- An adviser to Trump said he was no longer serving in that role
- In an interview, he said he hadn't really been an adviser for some time
In a statement, he formally announced he would no longer serve as an adviser to Trump. But he insisted in an interview with CNN's Erin Burnett that the move had nothing to do with his comments on Russia, only that he wanted to avoid any confusion about his role with Trump.
Earlier this week, Woolsey told CNN's Jim Sciutto he believed
the Russians were involved in election-related hackings of the Democratic National Committee and Hillary Clinton campaign chairman John Podesta. Then, speaking to CNN's Don Lemon on Wednesday
, Woolsey criticized WikiLeaks founder Julian Assange, whom Trump has invoked on Twitter to defend his skepticism of US intelligence assessments of Russian meddling in the election.
Woolsey insisted to Burnett Thursday that he was not leaving because he was frustrated with Trump's public dismissal of US intelligence findings. He said he had actually not advised Trump in some time and wanted to set the record straight on who he was and what he did.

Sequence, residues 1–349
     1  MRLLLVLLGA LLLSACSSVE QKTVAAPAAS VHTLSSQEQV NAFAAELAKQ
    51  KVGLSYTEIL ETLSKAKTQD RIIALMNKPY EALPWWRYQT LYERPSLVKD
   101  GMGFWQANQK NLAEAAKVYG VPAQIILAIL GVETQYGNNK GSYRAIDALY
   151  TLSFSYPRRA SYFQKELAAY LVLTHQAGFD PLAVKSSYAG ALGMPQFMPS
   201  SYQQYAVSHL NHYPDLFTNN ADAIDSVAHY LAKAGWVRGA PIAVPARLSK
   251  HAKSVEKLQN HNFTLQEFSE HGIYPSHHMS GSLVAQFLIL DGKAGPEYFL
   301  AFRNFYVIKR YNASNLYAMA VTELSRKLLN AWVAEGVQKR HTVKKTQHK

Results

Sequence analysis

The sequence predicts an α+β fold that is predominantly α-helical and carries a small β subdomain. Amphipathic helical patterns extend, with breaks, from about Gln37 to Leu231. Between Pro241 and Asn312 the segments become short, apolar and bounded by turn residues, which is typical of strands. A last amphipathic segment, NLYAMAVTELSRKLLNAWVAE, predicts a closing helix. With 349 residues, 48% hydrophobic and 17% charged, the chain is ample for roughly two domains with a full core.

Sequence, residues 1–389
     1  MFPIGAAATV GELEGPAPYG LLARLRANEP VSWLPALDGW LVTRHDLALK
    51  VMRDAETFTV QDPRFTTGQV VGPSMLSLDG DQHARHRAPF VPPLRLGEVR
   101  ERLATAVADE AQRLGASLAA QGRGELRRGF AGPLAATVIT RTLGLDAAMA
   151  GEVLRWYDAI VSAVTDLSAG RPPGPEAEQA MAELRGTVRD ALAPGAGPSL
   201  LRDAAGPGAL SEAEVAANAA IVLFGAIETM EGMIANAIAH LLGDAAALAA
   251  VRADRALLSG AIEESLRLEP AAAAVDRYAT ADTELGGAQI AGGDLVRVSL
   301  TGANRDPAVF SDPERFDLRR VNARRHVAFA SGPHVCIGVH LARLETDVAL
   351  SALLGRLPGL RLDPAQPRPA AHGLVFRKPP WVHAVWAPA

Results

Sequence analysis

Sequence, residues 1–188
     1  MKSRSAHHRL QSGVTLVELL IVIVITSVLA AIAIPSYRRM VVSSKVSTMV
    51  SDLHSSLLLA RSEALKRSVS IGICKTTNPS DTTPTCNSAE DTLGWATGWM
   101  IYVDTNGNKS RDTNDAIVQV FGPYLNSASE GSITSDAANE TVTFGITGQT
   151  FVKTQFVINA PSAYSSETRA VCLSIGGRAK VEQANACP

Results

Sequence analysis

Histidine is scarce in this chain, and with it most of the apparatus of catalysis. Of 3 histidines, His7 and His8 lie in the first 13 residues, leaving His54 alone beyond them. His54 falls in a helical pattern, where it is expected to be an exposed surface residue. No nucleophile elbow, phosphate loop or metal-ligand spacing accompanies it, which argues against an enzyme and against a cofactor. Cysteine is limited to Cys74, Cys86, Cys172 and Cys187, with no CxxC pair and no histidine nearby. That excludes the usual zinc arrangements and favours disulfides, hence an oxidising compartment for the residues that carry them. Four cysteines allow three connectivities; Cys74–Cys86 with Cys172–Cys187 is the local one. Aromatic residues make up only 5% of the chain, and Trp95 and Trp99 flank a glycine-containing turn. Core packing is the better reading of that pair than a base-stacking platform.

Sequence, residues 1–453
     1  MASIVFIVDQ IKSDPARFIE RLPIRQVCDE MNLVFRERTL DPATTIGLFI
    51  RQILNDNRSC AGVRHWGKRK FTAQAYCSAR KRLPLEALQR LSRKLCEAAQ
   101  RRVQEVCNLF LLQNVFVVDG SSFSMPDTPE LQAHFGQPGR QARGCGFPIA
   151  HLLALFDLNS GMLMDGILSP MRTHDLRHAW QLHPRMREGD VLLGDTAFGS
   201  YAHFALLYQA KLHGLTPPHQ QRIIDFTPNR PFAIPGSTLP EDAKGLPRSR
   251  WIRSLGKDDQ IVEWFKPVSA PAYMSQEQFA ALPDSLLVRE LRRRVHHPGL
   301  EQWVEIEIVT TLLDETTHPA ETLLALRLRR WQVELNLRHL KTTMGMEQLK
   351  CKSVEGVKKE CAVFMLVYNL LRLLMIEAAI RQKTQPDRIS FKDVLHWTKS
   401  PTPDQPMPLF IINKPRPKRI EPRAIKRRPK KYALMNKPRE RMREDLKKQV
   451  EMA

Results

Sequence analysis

"I didn't want to fly under false colors," Woolsey said. "I'm not really functioning as an adviser anymore, and so when I'm on the screen, everybody announces that I'm former CIA director and that I'm a Trump adviser. And I'm really not anymore. So I just thought I should strike that from the (TV banner) ... so nobody was under false impressions."
He said he still supported Trump and wished the incoming commander in chief well, but that he was not a part of his team anymore. He said there was no "particular point" that he had stopped advising Trump, but added he had only seen the President-elect in person a few times and talked on the phone "a little bit."
"I didn't want to be claiming that I'm something I'm not," Woolsey said.